The run­ning joke is that it’s an R-rated col­lec­tion.

“We had trou­ble find­ing im­ages that we could use on the street banners,” says Go­van.

‘Closet Catholic’

Still, there are ex­cep­tions to the worldly deca­dence. One is a Madonna by In­gres, show­ing a serene Mary stand­ing at an al­tar. One of the Res­nicks’ few re­li­gious paint­ings, it hung in their mas­ter bed­room be­fore be­ing in­stalled at LACMA.

“I’m a closet Catholic,” says Lynda, who is in other re­spects Jewish. “I love the iconog­ra­phy of the saints. There was a point in my life when I was go­ing to con­vert to Catholi­cism, but I didn’t want my grand­mother spin­ning around in her grave like a ro­tis­serie chicken.”

For Ste­wart, the most per­sonal piece is surely a mas­sive mar­ble sculp­ture of Napoleon that pre­sides over their draw­ing room. It is not in the LACMA show. “It was too big to move,” he says. (“It’s hideous; it re­minds me of For­est Lawn,” his wife de­clares.)

While their art col­lec­tion is flashy in these ways, their phil­an­thropic ac­tiv­i­ties over the years have been more dis­creet. “We have tried to keep a low pro­file,” says Ste­wart Res­nick, who granted only a brief in­ter­view for this ar­ti­cle. “Giv­ing should be its own re­ward.”

They made their first ma­jor gift in 1987, when they owned the Franklin Mint in Philadel­phia. They gave $1 mil­lion to the Philadel­phia Mu­seum of Art to en­dow the ro­tunda gallery, where Van Gogh’s “Sun­flow­ers” now hangs. (Lynda still sits on the board of the Philadel­phia mu­seum as well as the Aspen In­sti­tute and some med­i­cal boards, while Ste­wart Res­nick is a trustee at the Getty and Cal­tech among oth­ers.)

More re­cently, they gave $15 mil­lion to UCLA for the Ste­wart and Lynda Res­nick Neu­ropsy­chi­atric Hos­pi­tal and $20 mil­lion to Cal­tech for a new sus­tain­abil­ity in­sti­tute. They have also tried to cul­ti­vate a phil­an­thropic cul­ture within their com­pany, Roll In­ter­na­tional Corp., through a pro­gram started in 2006. Along with match­ing em­ployee gifts to char­ity, Roll Giv­ing grants ev­ery full-time em­ployee who has been with the com­pany for six months — cur­rently 3,700 out of 4,500 — $1,000 a year to give to the char­ity of their choice.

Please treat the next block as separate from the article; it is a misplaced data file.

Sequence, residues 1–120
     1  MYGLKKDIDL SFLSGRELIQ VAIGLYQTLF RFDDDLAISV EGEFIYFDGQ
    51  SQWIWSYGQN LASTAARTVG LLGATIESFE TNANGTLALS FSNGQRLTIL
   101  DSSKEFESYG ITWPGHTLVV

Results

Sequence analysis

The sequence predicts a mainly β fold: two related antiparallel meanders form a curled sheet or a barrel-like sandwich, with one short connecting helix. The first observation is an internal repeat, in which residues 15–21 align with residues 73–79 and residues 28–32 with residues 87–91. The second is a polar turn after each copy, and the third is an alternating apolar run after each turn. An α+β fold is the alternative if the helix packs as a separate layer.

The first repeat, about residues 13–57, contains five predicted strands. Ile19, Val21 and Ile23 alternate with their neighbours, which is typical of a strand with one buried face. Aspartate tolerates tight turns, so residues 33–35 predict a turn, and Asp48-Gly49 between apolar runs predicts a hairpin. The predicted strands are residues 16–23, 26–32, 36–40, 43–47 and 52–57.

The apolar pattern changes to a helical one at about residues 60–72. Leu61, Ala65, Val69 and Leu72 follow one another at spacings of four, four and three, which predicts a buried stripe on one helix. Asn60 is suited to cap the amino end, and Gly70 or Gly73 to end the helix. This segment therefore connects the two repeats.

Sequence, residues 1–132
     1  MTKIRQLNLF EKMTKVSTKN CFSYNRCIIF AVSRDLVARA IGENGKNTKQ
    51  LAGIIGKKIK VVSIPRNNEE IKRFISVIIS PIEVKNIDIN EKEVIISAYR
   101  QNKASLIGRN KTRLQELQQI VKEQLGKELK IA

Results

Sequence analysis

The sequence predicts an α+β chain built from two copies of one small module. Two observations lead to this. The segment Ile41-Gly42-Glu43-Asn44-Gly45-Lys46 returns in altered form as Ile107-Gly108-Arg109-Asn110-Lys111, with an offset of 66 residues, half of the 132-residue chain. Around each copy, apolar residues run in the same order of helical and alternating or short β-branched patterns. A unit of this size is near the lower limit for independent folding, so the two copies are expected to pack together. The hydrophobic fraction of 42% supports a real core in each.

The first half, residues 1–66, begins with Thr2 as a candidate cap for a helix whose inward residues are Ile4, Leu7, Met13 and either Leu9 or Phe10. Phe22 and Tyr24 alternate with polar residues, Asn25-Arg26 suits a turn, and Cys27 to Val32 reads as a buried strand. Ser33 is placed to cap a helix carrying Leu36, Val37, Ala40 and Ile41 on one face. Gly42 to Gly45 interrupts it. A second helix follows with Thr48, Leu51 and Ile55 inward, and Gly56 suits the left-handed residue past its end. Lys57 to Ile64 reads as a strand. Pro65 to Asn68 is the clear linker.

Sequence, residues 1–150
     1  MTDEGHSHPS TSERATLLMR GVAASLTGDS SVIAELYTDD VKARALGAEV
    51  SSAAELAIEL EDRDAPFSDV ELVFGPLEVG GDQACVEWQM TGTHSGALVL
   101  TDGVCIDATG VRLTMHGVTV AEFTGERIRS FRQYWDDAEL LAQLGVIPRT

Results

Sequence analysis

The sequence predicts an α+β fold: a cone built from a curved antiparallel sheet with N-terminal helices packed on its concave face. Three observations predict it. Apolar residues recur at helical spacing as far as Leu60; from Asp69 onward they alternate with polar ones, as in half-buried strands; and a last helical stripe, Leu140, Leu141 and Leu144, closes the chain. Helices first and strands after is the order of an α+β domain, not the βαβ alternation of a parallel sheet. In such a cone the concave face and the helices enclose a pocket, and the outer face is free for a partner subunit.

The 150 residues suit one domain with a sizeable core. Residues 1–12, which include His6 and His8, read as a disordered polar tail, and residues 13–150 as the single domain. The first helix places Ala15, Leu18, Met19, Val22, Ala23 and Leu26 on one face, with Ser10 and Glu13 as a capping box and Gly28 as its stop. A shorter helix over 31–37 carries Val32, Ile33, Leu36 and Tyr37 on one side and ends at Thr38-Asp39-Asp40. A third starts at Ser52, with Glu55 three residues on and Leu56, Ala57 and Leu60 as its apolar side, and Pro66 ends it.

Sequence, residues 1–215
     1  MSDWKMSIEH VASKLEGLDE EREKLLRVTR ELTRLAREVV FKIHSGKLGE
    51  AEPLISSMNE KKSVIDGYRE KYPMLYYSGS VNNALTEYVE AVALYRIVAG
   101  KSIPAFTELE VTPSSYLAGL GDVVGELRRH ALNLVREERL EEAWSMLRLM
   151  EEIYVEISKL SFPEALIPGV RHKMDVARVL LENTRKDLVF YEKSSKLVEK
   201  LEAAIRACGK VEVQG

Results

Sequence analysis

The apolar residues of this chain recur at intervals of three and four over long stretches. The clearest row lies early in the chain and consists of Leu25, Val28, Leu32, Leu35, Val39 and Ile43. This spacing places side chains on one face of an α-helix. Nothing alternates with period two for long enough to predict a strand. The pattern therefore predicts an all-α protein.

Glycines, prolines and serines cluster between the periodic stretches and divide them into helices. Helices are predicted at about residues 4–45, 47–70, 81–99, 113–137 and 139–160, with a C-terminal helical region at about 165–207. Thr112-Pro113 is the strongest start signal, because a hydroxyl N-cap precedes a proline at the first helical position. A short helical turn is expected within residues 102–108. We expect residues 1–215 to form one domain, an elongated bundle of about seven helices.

“It’s much more ef­fec­tive for us to let each em­ployee give $1,000 away than for us to do­nate a lump sum of a few mil­lion dol­lars some­where,” Ste­wart says.

Eye to­ward fu­ture

As for do­nat­ing art­works, the cou­ple has made oc­ca­sional gifts to mu­se­ums , but noth­ing along the lines of their $10-mil­lion pledge of art to LACMA. Word is that they will an­nounce the first ma­jor do­na­tion un­der this pledge at LACMA’s gala on Satur­day: Jean Restout’s 1717 mytho­log­i­cal paint­ing, “Venus Or­der­ing Arms from Vul­can for Ae­neas.”

What about the rest of the 3,500-work col­lec­tion? Lynda Res­nick says the plan is to do­nate those works too, pro­vided “there’s some­thing left in our es­tate and our heirs don’t have to sell the pic­tures.” (The cou­ple has five chil­dren and four grand­chil­dren.)

“We re­ally do think of our­selves as stew­ards of these works,” she says. “We want our col­lec­tion to go to pub­lic in­sti­tu­tions. Ob­vi­ously LACMA is No. 1, but we’ll also think about the Philadel­phia Mu­seum of Art and the Getty.”

But that’s enough talk of legacy for Mrs. Res­nick, who does not like to dis­close her age. “I don’t plan on go­ing that quickly,” she says.

Bob Cham­ber­lin

ART LOVERS: Los An­ge­les res­i­dents Ste­wart and Lynda Res­nick visit a gallery in their new build­ing at LACMA as art from their pri­vate col­lec­tion is in­stalled.


Bob Cham­ber­lin

The LACMA pavil­ion named for the Res­nicks in­cludes art­work from their col­lec­tion.


Bob Cham­ber­lin

The col­lec­tion in­cludes Elis­a­beth-Louise Vigée-Lebrun’s por­trait of Marie An­toinette, left, a Madonna by In­gres and an­gelic sculp­tures.

Bob Cham­ber­lin